Now that all of 360i's senior management will see this post in the news alerts, I'll note publicly I'm not using LinkedIn in any of the ways described above, though the company pages do fascinate me for corporate stalking.
This is a great trick from Google Docs I just discovered while visiting author Dan Pink's site where he welcomed readers to sign up for notifications of when his new book comes out. What was interesting is that the form is from Google Docs, and it saves the data directly into a spreadsheet.
I'm no Excel maven, but this is incredibly easy to do. Try it out by going to this form to share what book you're reading, just as a simple example of how it can work. It takes seconds to try it, and then if you want to create one of your own, Google makes it easy for you to do so if you're logged in to your Google Account.
The only hitch is that the form's not embeddable directly in a blog post or elsewhere, so currently you have to go to the link. I tried embedding it in a blog post and it's a live form - you can fill it out there, but it messes up the design on that post and for that month (I backdated it to October so it wouldn't mess with the current entries). If you know a fix, include it in the comments. I did this just by viewing the source and copying most of the code.
For a pitch I've been working on, I've had to research what men 18-35 are doing online, and I guess they're not all trying to find out what's playing at Lincoln Center. Some of these sites, even if they're only PG-13, are not necessarily what I want sticking around in my search or web history. Given that there are all sorts of reasons both noble and less noble why you might not want a record of the sites you're visiting, here are two tools I've used that come in handy:
1) Ixquick: It's a meta-search engine that leaves no trace of what you search. It's not as clean as Google or other search engines, but it still does a decent job getting relevant sites in front of you, and there's also no record kept of the sites you visit from the listings.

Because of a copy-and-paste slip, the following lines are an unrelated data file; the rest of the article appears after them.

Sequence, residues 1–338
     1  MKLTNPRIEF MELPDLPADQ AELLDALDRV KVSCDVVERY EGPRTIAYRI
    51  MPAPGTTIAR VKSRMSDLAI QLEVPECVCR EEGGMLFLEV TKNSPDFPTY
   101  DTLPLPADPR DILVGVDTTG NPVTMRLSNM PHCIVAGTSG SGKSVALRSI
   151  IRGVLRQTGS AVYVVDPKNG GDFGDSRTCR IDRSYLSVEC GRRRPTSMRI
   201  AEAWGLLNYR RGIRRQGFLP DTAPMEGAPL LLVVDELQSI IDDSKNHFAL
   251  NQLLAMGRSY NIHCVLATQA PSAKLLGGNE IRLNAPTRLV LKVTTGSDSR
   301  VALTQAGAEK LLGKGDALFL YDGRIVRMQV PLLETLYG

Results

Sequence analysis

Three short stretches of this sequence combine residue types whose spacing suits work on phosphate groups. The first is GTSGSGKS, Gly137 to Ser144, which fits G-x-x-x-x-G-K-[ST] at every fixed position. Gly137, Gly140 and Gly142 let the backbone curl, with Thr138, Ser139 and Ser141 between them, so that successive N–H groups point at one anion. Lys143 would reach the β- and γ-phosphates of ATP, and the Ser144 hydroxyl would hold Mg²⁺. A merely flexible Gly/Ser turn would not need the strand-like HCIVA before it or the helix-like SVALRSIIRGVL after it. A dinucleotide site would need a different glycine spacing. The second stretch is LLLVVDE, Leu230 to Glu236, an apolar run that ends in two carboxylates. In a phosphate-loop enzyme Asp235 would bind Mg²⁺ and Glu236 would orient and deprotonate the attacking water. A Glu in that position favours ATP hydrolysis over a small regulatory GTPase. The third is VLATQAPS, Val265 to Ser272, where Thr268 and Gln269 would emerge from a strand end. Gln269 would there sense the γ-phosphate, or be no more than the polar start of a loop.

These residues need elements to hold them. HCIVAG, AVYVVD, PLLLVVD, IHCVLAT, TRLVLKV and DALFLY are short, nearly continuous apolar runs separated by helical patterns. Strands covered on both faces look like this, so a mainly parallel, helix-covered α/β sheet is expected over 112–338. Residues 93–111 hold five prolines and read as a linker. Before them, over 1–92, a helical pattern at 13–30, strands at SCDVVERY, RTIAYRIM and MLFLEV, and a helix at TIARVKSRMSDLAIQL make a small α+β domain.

2) Stealthier: This Firefox extension lets you surf without leaving a trace, and it's easy to turn on and off as you go about visiting various sites. Note that if it's fully enabled, you can't visit sites that require cookies, so if you're an average web user, you'll want to use this selectively. Google, for instance, tells you when you try to access its personalized services while using Stealthier, "Your browser's cookie functionality is turned off. Please turn it on."
For both of these services, I did a cursory check on them by logging into Google's personalized services, using Stealthier and Ixquick, and then checking my search and web history in Google. There was no trace of the searches or sites I visited using those tools.
(A funny aside: I tried posting this while I was signed into Stealthier, and it signed me out of TypePad.)
In toying around with Google Sitemaps, I came across some great reminders of advanced search features Google offers for webmasters, or for anyone looking for more info about a site. To use these, see the examples, or just go to google and type the query, such as site:www.yoursite.com.
David Berkowitz is Chief Marketing Officer at agency MRY. A frequent speaker and media pundit, he has been published hundreds of times in MediaPost, Ad Age, eMarketer, Mashable, and elsewhere. Get to know him in the links below the blog's header.